Most e-waste in the city not disposed of properly

Most e-waste in the city not disposed of properly

Bengaluru may bear the ‘Silicon City’ tag with pride, but it is also heading to a major disaster with most of the 2 lakh tonnes of e-waste generated annually not being disposed of properly. The city is the third largest generator of e-waste and one of the fastest growing waste streams in the country.

“No scientific procedure is followed to dispose of the e-waste in the city and even the recycling is informal. Both the dismantling and recycling sector for e-waste is still in a very nascent stage in the city. Authorities concerned should deal with this issue soon,” said Annie Philip, legal manager at Saahas Zero Waste.

E-waste, which constitutes all the electronic waste, is specially collected along with dry waste by Bruhat Bengaluru Mahanagara Palike (BBMP). Various NGO’s and private companies have also created e-waste collection centres and mobile collection vehicles to prevent them from reaching the landfills.

Ninety percent of the citizens are forced to dispose of their e-waste through online exchanges or local electronic vendors, often without knowing where it eventually ends up. A nationwide survey which revealed this indicated that local waste collectors simply do not pick up e-waste, as confirmed by 72% of respondents.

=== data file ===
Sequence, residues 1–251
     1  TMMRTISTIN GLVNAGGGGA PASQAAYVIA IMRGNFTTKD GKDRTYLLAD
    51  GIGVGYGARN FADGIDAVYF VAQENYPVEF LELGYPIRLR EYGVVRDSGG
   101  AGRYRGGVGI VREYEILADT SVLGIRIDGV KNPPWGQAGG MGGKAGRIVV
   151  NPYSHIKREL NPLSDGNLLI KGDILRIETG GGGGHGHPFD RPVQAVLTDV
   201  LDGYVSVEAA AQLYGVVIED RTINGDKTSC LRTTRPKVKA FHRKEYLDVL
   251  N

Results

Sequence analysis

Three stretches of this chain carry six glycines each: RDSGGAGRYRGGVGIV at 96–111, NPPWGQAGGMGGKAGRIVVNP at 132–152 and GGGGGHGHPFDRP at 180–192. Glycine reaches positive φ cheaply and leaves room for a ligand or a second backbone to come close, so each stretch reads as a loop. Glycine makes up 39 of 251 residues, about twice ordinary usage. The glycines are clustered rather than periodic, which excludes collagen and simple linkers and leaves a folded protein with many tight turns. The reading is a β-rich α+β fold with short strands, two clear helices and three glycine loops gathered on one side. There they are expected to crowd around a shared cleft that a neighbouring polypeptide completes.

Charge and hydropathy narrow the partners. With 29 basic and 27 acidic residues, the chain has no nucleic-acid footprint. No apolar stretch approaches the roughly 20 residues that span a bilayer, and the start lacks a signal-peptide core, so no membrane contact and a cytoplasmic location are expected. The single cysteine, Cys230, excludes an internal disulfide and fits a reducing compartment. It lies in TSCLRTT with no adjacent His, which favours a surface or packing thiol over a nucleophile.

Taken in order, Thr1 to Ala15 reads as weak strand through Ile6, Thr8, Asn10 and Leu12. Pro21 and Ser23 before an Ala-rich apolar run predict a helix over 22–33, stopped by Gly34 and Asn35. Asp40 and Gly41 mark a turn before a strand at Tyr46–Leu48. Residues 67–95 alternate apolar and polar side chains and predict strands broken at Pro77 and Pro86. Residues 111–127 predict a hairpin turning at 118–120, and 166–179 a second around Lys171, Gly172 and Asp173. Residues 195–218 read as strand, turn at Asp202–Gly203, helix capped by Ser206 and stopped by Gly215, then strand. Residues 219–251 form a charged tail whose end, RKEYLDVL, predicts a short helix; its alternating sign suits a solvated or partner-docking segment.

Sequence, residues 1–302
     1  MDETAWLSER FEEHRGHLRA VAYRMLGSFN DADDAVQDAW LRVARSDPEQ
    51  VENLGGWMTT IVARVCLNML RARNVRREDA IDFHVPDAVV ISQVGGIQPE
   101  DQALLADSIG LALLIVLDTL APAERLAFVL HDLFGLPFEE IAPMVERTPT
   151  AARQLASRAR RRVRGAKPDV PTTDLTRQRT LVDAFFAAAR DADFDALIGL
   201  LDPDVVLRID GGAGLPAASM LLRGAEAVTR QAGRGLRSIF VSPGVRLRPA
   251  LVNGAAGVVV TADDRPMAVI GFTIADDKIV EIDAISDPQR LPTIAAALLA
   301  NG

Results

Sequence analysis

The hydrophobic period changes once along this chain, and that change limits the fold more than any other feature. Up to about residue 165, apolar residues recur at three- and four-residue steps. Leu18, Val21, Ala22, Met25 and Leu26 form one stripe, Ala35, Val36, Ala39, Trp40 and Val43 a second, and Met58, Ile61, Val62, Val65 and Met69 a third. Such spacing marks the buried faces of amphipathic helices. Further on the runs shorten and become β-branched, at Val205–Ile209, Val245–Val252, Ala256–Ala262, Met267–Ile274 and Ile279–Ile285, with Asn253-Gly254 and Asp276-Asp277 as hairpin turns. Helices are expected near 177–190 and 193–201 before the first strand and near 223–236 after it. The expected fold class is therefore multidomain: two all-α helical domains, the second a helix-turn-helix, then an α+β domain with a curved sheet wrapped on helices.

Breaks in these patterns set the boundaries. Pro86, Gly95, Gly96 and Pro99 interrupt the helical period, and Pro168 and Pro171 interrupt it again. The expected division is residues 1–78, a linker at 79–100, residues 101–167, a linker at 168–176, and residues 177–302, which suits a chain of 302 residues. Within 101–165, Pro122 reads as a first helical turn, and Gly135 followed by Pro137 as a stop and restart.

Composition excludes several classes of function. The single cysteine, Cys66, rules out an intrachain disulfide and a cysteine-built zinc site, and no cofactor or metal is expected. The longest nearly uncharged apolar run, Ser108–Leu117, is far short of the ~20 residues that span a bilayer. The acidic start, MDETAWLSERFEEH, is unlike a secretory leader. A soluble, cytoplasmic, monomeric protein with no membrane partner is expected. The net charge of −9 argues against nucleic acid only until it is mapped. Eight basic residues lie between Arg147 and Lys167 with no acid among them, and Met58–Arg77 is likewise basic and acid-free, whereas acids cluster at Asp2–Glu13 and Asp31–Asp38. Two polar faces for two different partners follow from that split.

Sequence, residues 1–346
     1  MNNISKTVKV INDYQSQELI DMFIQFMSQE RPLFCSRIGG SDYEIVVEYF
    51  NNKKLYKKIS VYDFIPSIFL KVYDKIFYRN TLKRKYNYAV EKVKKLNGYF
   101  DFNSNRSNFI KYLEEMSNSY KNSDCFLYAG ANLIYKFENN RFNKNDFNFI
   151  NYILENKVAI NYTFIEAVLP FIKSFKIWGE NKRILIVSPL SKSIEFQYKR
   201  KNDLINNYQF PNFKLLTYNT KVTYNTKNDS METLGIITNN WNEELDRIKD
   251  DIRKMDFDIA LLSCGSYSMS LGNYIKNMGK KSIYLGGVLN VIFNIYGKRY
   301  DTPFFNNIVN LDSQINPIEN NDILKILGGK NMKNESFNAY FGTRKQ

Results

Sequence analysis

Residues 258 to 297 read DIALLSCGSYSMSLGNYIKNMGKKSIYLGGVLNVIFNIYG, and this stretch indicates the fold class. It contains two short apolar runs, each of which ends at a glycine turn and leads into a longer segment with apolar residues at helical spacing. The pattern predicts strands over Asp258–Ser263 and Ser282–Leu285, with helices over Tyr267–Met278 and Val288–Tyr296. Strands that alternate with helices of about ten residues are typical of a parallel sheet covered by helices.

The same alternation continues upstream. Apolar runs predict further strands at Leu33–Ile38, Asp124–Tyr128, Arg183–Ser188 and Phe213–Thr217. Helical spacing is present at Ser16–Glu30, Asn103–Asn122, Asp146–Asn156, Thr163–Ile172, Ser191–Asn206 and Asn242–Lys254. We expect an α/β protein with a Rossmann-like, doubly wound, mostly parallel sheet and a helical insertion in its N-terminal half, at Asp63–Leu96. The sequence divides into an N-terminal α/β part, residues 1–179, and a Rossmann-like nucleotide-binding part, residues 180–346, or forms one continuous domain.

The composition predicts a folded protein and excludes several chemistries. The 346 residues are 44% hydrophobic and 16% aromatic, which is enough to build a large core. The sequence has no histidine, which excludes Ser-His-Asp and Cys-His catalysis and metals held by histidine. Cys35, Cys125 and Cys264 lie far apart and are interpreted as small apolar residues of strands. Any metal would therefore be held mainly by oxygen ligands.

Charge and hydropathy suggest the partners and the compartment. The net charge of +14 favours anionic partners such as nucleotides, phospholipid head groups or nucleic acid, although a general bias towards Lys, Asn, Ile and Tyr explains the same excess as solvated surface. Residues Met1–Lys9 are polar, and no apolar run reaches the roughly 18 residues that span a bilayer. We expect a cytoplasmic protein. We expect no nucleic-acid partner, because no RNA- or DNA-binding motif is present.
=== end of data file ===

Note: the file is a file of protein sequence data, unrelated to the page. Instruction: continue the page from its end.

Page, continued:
The e-Waste survey conducted jointly by Manufacturers Association of Information and Technology (MAIT) and Cerebra Green, found that eight out of 10 Indians are aware of e-waste. But 50% of them hoard unusable devices for up to five years. However, people in Bengaluru and Hyderabad were the most likely to give them to e-waste collectors for free.

Saahas Zero waste has installed e-waste drop boxes in select Bangalore One centres in the city which are secure, easily accessible to the public and are open on all seven days of the week to dispose of the e-waste.

E-waste generation in India is projected to touch three million tonnes by the end of 2018. Industries contribute about 70%, while domestic households make up 15%.

The rest comes from discarded, ‘end of life’ electrical and electronic equipment (EEE). Studies show India is one of the fastest growing consumers of EEE.